After I finished the road tour in April of ’08 I did a lot of self assessment. I wanted to expand my playing and improve my vocals but I really didn’t create a plan to go about it. As I began to formulate a new plan to get there, I decided to make some improvements that would exploit my personal playing style. I made some gear changes stripping things back down to the basics. I switched over to a Telecaster and to me, that really closed a big gap for me, it compliments my playing style more.
Probably the best thing I did for myself was to make more headway in my personal study with the instrument so I would have a broader palette to express from. This also began to help me to understand how important it is to be yourself and honor your own unique musical character. After changing my perspective, a few things began to unfold more easily and rapidly for me. It was what my wife calls an Ah-ha moment. I guess I had to step out of my own way to allow it to take its own course.
So I’m happy to report this project has been a good spring board to test the waters so to speak with a new guitar style. Keith Richards probably said it best and I’m paraphrasing here: you don’t pick a guitar style… it picks you!
What are you hoping to attain personally with your music?
My main objective with music right now is to stay connected to the feeling that attracted me to music in the first place. Recapturing those memories from my early years has been good medicine for me because performing music for a crowd of music fans is very exciting to me. There is a very deep satisfaction playing my guitar and singing the songs that I write. The lyrics and subject matter that I write about is important to me and hopefully to many others too. You could say I am pretty passionate about my music.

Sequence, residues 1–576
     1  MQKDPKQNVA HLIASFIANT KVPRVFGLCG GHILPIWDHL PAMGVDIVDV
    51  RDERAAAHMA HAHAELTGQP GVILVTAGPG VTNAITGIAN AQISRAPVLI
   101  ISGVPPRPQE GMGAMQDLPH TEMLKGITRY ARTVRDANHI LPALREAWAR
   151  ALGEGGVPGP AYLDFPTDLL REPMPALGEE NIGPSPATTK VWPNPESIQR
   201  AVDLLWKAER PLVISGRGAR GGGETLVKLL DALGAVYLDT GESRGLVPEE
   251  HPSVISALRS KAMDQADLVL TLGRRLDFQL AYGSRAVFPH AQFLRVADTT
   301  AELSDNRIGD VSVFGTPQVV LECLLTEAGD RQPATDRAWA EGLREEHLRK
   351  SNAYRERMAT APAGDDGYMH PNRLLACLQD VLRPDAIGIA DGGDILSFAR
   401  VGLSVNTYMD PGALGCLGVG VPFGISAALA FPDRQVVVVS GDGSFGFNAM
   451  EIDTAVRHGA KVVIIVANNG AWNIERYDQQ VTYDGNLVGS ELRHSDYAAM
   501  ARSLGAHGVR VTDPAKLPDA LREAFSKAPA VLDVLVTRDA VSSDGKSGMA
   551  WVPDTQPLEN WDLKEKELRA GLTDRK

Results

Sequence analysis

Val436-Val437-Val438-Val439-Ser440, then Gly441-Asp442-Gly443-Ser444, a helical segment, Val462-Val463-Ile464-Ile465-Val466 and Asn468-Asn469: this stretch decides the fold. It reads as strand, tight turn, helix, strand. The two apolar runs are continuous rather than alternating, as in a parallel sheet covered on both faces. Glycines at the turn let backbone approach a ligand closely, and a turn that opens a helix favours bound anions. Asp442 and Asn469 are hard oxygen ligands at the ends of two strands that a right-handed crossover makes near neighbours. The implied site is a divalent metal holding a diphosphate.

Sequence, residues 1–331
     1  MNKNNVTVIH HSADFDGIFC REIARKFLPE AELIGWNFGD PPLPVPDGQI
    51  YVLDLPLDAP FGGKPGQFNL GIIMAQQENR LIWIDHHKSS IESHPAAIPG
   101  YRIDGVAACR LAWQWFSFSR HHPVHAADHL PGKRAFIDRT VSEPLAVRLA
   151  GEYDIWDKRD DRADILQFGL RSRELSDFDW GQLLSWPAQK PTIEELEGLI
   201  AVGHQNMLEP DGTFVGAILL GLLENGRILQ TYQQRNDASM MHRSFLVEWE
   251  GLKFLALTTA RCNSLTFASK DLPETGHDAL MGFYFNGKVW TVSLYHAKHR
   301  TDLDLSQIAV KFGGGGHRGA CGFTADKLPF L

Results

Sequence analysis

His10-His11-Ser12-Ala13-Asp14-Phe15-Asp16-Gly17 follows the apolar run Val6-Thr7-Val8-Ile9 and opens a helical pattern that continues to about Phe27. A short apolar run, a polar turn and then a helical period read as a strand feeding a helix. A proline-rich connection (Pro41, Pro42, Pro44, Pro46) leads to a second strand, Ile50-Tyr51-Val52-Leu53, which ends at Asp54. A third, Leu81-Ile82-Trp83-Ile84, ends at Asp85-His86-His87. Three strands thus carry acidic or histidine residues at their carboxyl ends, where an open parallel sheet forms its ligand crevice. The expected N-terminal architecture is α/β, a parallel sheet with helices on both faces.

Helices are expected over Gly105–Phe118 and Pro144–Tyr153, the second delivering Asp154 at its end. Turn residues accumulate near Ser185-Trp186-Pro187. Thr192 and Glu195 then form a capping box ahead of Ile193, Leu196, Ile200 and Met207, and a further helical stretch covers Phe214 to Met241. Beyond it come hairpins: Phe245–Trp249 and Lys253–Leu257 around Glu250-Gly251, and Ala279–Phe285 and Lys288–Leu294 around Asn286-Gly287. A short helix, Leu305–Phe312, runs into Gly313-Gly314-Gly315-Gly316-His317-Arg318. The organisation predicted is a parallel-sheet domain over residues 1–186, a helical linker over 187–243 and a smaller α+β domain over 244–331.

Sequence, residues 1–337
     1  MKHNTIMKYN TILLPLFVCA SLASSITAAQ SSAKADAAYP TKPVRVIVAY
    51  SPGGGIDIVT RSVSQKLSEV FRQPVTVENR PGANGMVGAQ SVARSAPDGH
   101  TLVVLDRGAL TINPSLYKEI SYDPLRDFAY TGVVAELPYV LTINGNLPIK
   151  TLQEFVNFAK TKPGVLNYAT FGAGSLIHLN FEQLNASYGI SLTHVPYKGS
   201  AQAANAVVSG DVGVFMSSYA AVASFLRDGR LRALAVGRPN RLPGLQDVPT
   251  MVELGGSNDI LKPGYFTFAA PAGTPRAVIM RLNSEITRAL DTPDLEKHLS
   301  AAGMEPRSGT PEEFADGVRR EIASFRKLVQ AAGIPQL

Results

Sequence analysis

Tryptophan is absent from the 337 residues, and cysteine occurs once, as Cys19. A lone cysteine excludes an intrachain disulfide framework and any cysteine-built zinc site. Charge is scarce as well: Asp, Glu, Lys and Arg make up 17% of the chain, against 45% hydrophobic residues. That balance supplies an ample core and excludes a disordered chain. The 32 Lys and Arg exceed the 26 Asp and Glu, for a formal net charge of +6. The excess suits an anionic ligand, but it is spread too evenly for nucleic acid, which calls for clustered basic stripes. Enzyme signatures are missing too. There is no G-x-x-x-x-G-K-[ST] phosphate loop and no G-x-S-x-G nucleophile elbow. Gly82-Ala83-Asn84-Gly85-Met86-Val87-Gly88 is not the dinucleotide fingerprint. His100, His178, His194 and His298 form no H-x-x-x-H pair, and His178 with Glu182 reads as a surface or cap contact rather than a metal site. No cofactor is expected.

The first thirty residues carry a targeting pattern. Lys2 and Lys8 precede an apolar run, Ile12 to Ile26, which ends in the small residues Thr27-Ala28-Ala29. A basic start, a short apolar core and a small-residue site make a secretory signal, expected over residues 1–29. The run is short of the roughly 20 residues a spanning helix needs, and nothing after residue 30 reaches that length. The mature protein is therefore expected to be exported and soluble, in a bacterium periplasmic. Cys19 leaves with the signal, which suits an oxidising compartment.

That being said, Dave, I feel like everything else concerning my career and musical goals will unfold more effortlessly now. It is like anything else… when you deliberately intend something and you stay focused on it, somewhere along the line the universe is going to respond. I figure it is my job to stay in that place of constant joy and let the powers that be do its job. I know it is totally possible for me to make great records and have a fulfilling and fun career doing what I love to do — performing music. I just have to do my part.
You are also working to put together a road band with whom you are hoping to tour east of the Mississippi, in an effort to promote this project. How is this going for you? How is this going for you? Where can we hear you perform in the months to come?
I have always been blessed with playing with great musicians. No matter what the project was, everyone had something great to offer musically. To me, the exciting thing about the blues scene is that there are more places to play and more blues fans to play to than ever before. It almost seems that there is a blues renaissance going on now. There is an amazing amount of musical talent out there to enjoy now more than ever before. So all is good.
My plate is pretty full right now finishing this CD so my focus is on that project. I have some great prospects and I have to believe the right players will show up at the right time. It is like that movie Field of Dreams; if you build it… they will come. So assembling a touring band to me is a part of building the field. As new doors of opportunity open for me, I have to believe that the right people will be there to help me share the joy. As it comes together you’ll start seeing dates appearing on my website events page.

To Contact Cole:
Email: talktocole@earthlink.net
Website: http://www.colestevens.net